Microsclerotherapy for Spider Veins
1. About the Treatment
Injection (sclerosant) therapy is suitable for dermal flare veins (thread veins, spider veins, broken veins) that are unsightly but cause no symptoms. It works by making the vein wall stick to itself, thus obliterating it. An extremely fine needle is used to perform the injections, hence the term "microinjection". Very small veins which cannot be injected (Telangiectasias) or veins in sensitive areas such as the face, may be treated using Intense Pulse Light (IPL) or Laser.
2. Before your next visit
Ideally you should have stopped taking the combined (those containing Oestrogen plus Progestogen) oral contraceptive pill at least one month before your appointment but the increased risk of causing a serious venous thrombosis is extremely small with spider vein treatment. There is little evidence that low dose “mini-pills” and hormone replacement therapy (HRT) need to be stopped.
3. At the clinic
A small amount of sclerosant fluid is injected into the flare veins at one or more sites and a cotton wool or rubber pad applied. A compression bandage / stocking / tubigrip is then put onto the leg. Minor discomfort may be experienced during injections but it is rarely painful.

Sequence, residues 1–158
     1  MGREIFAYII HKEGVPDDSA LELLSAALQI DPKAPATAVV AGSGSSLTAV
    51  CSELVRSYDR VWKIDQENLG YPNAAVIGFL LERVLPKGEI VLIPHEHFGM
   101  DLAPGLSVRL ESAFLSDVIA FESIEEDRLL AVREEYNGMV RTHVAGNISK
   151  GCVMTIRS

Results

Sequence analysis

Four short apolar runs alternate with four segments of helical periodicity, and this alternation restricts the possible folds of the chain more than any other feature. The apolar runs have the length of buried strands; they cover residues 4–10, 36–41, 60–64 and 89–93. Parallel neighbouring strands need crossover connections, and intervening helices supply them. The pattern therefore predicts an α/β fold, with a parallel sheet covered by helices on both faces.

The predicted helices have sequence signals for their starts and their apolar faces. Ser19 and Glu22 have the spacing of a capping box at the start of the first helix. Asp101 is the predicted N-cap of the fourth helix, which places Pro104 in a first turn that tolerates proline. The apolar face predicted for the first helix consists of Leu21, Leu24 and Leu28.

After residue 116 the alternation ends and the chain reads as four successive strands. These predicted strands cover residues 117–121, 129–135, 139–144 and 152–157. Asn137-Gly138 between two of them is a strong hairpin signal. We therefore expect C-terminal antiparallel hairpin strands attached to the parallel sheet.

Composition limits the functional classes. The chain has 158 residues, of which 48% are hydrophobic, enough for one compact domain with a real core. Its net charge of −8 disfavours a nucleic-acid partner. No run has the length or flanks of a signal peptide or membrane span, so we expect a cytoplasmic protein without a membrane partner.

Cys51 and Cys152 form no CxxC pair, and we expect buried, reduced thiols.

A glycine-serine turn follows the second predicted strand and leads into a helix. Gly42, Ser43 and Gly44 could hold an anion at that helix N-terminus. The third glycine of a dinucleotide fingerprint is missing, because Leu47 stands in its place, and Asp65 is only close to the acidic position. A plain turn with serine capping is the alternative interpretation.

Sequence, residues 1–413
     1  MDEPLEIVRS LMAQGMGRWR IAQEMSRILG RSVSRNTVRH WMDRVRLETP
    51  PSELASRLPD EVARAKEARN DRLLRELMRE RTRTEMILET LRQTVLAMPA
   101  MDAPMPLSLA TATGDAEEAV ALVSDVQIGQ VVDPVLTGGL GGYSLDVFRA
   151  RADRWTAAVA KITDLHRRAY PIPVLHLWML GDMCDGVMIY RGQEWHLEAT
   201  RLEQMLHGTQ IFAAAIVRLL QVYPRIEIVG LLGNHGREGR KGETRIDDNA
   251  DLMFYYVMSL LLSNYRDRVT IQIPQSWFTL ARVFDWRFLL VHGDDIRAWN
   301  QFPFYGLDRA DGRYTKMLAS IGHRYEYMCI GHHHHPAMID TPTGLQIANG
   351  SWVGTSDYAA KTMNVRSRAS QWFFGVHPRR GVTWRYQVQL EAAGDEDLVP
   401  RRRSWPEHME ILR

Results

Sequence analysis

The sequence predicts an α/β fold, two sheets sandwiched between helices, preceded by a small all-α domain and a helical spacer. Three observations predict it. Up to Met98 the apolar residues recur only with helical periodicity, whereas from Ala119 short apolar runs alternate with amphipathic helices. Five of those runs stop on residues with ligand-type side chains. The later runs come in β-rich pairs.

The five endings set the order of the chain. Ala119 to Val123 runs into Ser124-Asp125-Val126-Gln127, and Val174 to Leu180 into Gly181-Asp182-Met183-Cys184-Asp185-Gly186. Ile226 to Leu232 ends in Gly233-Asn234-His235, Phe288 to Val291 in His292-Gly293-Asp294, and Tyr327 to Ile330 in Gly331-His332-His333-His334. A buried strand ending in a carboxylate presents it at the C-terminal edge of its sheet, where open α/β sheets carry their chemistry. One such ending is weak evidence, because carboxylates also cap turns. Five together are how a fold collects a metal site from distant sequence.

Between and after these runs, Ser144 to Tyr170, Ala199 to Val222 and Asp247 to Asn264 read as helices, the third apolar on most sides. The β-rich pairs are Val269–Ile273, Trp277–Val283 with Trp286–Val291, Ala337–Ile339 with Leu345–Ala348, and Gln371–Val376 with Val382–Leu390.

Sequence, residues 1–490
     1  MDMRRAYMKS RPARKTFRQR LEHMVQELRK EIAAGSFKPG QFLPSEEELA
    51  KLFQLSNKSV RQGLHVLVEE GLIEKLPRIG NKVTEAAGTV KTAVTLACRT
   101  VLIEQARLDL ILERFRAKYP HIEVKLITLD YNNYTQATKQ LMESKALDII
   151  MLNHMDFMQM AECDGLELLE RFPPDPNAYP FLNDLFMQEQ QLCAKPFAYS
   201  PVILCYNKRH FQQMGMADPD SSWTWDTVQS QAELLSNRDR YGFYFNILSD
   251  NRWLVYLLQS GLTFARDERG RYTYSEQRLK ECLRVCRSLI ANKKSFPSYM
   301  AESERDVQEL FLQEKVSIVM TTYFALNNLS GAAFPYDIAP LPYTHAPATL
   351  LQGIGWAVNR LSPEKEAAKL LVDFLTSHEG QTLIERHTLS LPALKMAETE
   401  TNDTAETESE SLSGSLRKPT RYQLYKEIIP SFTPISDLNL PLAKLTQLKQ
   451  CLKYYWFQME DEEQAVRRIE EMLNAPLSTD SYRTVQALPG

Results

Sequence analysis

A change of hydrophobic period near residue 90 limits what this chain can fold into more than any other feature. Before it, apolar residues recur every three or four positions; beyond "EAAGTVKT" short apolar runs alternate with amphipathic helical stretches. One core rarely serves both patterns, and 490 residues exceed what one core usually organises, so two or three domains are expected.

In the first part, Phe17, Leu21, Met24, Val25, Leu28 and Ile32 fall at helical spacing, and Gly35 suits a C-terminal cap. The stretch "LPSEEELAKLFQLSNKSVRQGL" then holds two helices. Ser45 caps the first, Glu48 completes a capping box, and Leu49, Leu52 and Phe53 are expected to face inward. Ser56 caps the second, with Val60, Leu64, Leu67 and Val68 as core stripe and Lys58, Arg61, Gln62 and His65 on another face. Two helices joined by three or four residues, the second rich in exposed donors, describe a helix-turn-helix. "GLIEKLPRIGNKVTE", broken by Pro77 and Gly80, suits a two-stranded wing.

Usually several veins on one leg are treated per visit and repeat injections will be required if both legs are affected or if you have extensive flare veins. Initially, further injections will be undertaken at weekly intervals. Subsequently, appointments may be spaced out depending on progress, but the timing of repeat injections is not essential. The treatment is continued until you are happy with the cosmetic results.
The compression stocking must be kept dry. Try and elevate your legs as much as possible during the first 24 hours. After 24-48 hours you should remove the stocking and cotton wool pads. Short walks are fine, but try to avoid vigorous exercise for a few days. Try and avoid very hot baths for a few days.
5. What to expect after the injections
After injection of flare veins an initial inflammatory reaction is common with the overlying skin becoming red and raised. The veins may initially appear more prominent and darker in colour. Often, discolouration rather like a bruise surrounding the injected flares develops. These changes resolve over a period of weeks as the flare veins disperse and fade away. It is important to appreciate that the full benefits of treatment may not be appreciated for around 6-8 weeks after treatment.
While most patients experience no problems after injection of flare veins, a small number may experience one or more of the following:
Discomfort, hardness or tenderness at the injection site(s);
A persistent hard "cord" in the line of the vein;
Brown staining of the skin in the line of the vein or surrounding it;
Rarely, ulceration of the skin or severe allergic reaction at the injection site;
Failure of the injection to obliterate the vein;
New or recurrent flare veins developing in the treated areas.
6. The Future
As you are clearly predisposed to formation of thread veins it is likely that new or recurrent veins may develop in the future. In order to discourage the occurrence of further veins you should exercise as much as possible, maintain normal weight and consider wearing light support stockings or tights particularly when standing for long periods. Even if more flares develop, the treatment can always be repeated in the future.